UNION. The remains of Daniel S. Burley of Newburyport were brought here Saturday by special train for interment in the family lot. Mr Burley was born in Newmarket, January, 1842, the only son of Plumer and Martha Burley who, when he was a small child, moved to Middleton where his childhood was passed. He married Clara, daughter of Eli and Jane Wentworth of South Milton, to whom five children were born, all dying in infancy. He engaged in the manufacture of shoes in Union, Milton and Newburyport, the last years of his life being passed in the latter place. He was a member of the Congregational church of this place until after his removal to Newburyport when he was transferred to the Whitefield church of that place. He belonged to Unity lodge, A.F.&A.M. of Union, Miltonia lodge, I.O.O.F of Milton and Eli Wentworth post G.A.R. He leaves a wife, one sister, Mrs. Jacob Stevens of Peabody, Mass., and many friends to mourn his loss. A profusion of beautiful floral tributes testified to the love and esteem felt for him (Farmington News, March 19, 1909).

Clara A. Burley, a widow, aged sixty-five years (b. NH), headed a Newburyport, MA, household at the time of the Thirteenth (1910) Federal Census. Her household included her boarders, Elma Stevens, a shoe factory finisher, aged thirty-eight years (b. NH), and Bennett J. Samson, a laundry manager, aged thirty-six years (b. MA), and her servant, Bessie Cronin, a private family servant, aged twenty-two years (b. Ireland (Eng.)). Clara A. Burley rented their house at 193 High Street. She was the mother of five children, of whom none were still living.

Former partner William R. Usher died of stomach cancer in Stockbridge, VT, July 4, 1917, aged seventy-two years.

William Robert Usher. In the death of William R. Usher the town of Stockbridge has lost another of its highly honored and universally respected citizens. While his death came as a sudden shock to the community, he has suffered painful illnesses in the past few years, from which his attending physician gave little hope of recovery, but his strong constitution and excellent care has kept him with us and through his unlimited ambition and will power he has continued to do light work. The morning of July 2 found him patiently at work in his garden, but on the morning of July 4th, his seventy-second birthday, he was stricken with indescribable pain from hemorrhage and passed from earth in the afternoon. Thus his birthday on earth was his birthday in heaven. He breathed a prayer to the Heavenly Father to take him and his last words to the dearly loved companion at his bedside were, “I am now returning home.” The drawn expression relaxed to a pleasant smile which seemed to speak the immortal joy of the released spirit. William Usher was the son of Ambrose and Mary (Campbell) Usher, born in Boston, July 4, 1845. The first years of his married life were lived at Stoneham, Mass., then he removed to Newburyport, where he remained until he came to Stockbridge in 1908, where he has since resided with his son at the pleasant home formerly owned by Rev. T.S. Hubbard. His wife, Eva T. (Bowdlear) Usher, a woman possessing rare qualities of heart and mind, passed from this life in 1902. Five years later, Dec. 14, 1907, at Wakefield, Mass., he married Grace Jaques of Newburyport, who has been the patient, unwearying caretaker (Bethel Courier (Bethel, VT), July 26, 1917).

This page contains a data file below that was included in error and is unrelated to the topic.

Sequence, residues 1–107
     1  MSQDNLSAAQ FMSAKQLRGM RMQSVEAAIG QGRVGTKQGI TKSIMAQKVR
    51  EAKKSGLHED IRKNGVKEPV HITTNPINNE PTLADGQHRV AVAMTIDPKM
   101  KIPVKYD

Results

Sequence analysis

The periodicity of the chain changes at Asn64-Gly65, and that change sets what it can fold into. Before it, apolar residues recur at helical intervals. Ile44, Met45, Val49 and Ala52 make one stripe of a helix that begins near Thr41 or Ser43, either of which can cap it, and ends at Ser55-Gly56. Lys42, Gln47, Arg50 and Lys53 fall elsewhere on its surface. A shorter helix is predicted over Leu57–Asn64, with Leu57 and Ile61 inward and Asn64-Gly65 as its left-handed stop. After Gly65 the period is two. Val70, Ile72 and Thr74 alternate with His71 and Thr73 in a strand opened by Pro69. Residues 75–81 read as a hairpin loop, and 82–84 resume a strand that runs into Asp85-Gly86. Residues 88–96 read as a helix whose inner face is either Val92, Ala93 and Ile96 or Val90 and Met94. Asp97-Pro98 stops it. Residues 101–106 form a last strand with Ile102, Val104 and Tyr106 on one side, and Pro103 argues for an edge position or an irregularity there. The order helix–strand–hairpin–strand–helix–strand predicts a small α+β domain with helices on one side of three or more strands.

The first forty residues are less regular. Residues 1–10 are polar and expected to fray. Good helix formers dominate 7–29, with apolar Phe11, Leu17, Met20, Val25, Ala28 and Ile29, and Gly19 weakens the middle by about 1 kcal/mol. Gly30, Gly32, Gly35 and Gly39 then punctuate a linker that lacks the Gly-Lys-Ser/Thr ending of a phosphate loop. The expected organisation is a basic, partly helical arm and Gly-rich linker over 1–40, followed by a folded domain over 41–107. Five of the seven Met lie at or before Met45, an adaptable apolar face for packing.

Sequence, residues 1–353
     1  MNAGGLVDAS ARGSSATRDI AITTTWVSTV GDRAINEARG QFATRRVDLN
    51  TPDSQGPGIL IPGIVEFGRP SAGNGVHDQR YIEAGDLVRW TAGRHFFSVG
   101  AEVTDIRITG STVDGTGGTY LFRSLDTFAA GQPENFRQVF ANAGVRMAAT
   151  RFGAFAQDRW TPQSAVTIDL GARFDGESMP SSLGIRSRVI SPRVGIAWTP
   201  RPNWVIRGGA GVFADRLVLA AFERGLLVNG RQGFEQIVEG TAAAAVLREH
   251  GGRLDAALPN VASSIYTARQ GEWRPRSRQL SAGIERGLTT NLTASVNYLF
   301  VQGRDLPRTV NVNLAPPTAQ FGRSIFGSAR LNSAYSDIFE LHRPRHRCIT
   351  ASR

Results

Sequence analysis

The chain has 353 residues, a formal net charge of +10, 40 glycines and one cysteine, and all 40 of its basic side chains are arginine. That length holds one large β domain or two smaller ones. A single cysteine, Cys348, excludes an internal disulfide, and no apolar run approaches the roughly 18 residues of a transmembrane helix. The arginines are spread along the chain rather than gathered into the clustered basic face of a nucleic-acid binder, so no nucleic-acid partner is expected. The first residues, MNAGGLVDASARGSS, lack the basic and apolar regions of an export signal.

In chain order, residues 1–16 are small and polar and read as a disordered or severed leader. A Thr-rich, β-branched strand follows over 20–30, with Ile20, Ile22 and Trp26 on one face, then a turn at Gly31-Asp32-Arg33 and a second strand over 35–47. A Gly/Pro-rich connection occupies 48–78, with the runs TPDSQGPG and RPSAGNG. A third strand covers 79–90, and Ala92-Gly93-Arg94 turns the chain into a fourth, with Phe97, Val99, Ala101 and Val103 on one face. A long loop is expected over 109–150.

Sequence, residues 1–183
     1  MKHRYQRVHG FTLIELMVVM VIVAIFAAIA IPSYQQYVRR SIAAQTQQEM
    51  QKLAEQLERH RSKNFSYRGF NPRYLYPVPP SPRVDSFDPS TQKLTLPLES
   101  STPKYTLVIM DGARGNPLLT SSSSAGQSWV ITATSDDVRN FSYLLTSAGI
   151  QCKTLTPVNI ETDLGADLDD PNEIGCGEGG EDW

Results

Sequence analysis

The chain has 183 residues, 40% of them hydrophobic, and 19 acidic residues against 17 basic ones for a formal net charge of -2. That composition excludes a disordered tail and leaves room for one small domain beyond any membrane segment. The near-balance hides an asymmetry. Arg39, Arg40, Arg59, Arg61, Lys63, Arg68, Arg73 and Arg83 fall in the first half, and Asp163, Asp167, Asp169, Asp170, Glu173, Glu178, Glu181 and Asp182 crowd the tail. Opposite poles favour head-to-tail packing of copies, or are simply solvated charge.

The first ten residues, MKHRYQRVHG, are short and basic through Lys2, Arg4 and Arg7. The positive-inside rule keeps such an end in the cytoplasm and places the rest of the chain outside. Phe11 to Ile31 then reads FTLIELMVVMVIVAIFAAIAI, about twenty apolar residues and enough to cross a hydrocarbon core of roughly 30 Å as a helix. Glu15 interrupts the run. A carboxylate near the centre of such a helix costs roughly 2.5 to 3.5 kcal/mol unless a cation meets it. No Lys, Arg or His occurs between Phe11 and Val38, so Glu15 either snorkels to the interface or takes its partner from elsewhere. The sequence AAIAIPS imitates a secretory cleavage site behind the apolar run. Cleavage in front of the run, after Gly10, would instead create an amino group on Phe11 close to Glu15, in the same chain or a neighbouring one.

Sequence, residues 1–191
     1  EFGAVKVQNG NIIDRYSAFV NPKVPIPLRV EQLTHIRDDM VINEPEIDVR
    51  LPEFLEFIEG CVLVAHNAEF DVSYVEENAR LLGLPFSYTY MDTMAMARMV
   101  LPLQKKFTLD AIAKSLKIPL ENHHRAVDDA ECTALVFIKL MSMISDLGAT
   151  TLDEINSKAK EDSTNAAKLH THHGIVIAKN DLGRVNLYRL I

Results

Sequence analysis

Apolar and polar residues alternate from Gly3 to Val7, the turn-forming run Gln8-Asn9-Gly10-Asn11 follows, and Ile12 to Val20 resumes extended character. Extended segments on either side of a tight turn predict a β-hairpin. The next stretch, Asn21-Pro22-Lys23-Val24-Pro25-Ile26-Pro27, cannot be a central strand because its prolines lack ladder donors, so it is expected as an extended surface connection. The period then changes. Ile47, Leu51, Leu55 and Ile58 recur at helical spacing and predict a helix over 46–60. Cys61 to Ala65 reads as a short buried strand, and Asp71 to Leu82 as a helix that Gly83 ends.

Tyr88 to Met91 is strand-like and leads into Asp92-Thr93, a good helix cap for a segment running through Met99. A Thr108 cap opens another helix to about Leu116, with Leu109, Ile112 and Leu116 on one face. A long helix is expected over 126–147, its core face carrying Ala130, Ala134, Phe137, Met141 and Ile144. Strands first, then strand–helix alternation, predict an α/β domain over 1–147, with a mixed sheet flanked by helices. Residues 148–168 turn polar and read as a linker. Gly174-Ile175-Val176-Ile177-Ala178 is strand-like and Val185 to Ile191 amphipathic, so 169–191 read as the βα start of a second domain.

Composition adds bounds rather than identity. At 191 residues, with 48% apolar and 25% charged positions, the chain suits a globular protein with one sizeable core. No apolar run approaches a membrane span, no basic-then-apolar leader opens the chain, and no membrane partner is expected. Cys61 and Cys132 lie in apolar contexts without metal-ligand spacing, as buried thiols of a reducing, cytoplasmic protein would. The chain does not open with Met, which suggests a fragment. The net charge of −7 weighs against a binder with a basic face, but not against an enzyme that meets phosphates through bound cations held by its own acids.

Clara A. Burley, a widow, aged seventy-five years (b. NH), headed a Newburyport, MA, household at the time of the Fourteenth (1920) Federal Census. Her household included her cousin, Angie Hanson, a widow, aged seventy-nine years (b. NH), her boarder, Bennett J. Samson, a laundry manager, aged forty-four years (b. MA), and her servant, Katharine Carroll, a private family houseworker, aged thirty-five years (b. Ireland). Clara A. Burley owned their house at 191 High Street, free-and-clear.

Clara A. (Wentworth) Burley died in Newburyport, MA, June 2, 1925, aged eighty years.

MRS. CLARA A. BURLEY DIES AT NEWBURYPORT. NEWBURYPORT, June 2 – Mrs. Clara A. Burley, 80, widow of Daniel S. Burley, formerly a prominent shoe manufacturer here, died today at her home, 191 High st. She was born in Milton, N.H. and came here nearly 40 years ago. Mrs. Burley was a member of Central Congregational Church and a generous contributor to the work of the Young Men’s Christian Association, of which her husband was a former president and benefactor and for whom the boys and girls’ Summer camp at Angle Lake, Hampstead, N.H., was named. Her nearest relative is a cousin, Mary Abbie Howe of West Milton, N.H. (Boston Globe, June 3, 1925).


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Author: Muriel Bristol

"Lady drinking tea"